About three years ago, Orig3n Inc., a small genetic testing company in Boston, discovered a big problem with its DNA analysis, according to two former managers, a former lab technician, and another former employee. Its various tests ($29 to $298) are supposed to help you figure out which kinds of food, exercise, and beauty products are right for your particular genetic profile. They’re even supposed to identify your “superhero traits,” meaning whether you’re genetically predisposed toward, say, intelligence or strength. The problem was that its test results were prone to errors. A person taking the same test twice could get radically different results.
Rather than try to solve the underlying problem, Orig3n’s coders came up with a quick fix, according to the former workers. The separate nutrition and fitness tests, for example, analyzed some of the same genes. The former workers say that if two Orig3n analyses of a particular gene didn’t match, software plugged in the earlier result. A spreadsheet viewed by Bloomberg Businessweek shows 407 such errors that, according to the former lab tech, were logged over three months.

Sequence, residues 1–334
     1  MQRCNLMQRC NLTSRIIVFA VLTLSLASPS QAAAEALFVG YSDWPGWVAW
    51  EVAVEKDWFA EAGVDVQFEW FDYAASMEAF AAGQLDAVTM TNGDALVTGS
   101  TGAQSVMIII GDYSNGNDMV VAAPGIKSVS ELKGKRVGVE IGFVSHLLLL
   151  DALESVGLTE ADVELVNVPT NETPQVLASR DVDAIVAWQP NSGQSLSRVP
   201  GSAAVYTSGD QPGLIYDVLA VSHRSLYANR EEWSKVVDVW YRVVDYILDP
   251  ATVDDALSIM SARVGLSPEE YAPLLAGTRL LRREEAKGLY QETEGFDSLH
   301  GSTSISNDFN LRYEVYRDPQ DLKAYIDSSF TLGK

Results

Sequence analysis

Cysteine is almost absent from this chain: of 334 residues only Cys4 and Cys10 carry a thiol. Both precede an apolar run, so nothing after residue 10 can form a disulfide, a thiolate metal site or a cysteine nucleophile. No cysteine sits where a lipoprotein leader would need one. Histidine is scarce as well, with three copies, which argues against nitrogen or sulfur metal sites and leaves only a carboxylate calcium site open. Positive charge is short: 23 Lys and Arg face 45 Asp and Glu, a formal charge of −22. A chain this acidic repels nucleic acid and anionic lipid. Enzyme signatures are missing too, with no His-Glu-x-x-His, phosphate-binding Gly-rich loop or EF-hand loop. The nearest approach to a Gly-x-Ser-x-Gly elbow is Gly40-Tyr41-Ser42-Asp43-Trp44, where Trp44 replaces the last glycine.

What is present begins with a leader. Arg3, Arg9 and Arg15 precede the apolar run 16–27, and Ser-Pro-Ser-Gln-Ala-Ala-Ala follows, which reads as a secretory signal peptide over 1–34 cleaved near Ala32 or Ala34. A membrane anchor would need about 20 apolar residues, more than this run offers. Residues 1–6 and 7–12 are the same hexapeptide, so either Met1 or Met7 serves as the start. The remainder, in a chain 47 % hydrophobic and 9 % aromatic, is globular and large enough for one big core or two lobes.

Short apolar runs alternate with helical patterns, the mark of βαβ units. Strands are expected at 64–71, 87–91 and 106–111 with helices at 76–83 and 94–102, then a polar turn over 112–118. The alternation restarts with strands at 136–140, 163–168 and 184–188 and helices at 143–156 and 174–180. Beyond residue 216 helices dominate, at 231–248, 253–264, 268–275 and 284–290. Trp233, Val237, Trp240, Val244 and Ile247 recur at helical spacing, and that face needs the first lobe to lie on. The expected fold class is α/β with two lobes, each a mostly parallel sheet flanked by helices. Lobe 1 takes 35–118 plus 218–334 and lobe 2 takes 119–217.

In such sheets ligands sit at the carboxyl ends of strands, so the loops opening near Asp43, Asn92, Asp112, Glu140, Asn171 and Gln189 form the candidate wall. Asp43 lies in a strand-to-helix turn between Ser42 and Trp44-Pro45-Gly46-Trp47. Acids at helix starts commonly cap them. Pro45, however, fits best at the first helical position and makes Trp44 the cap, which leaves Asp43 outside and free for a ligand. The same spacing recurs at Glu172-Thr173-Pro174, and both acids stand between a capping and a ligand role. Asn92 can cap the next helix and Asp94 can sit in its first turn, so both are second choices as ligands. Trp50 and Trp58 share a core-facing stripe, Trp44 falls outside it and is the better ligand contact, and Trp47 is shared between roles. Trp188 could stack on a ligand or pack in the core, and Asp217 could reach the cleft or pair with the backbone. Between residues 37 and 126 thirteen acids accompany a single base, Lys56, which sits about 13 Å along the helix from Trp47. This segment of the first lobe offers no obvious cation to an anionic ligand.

Seventeen people employed by Orig3n as managers, lab technicians, software engineers, marketers, and salespeople from summer 2015 to fall 2018 say the company habitually cut corners, tampered with or fabricated results, and failed to meet basic scientific standards. They say marketers tasked with giving consumers personalized advice based on their genetic profiles at times simply Googled advice that could be generic (wear sunscreen, eat kale) or had no basis in science (one report told a customer to eat a mix of sugar and almond oil to reduce stretch marks). “Accurate science didn’t seem to be a priority,” says the former lab tech, who, like the other former employees, spoke on condition of anonymity because of nondisclosure agreements with Orig3n and fears of retaliation. “Marketing was the priority.”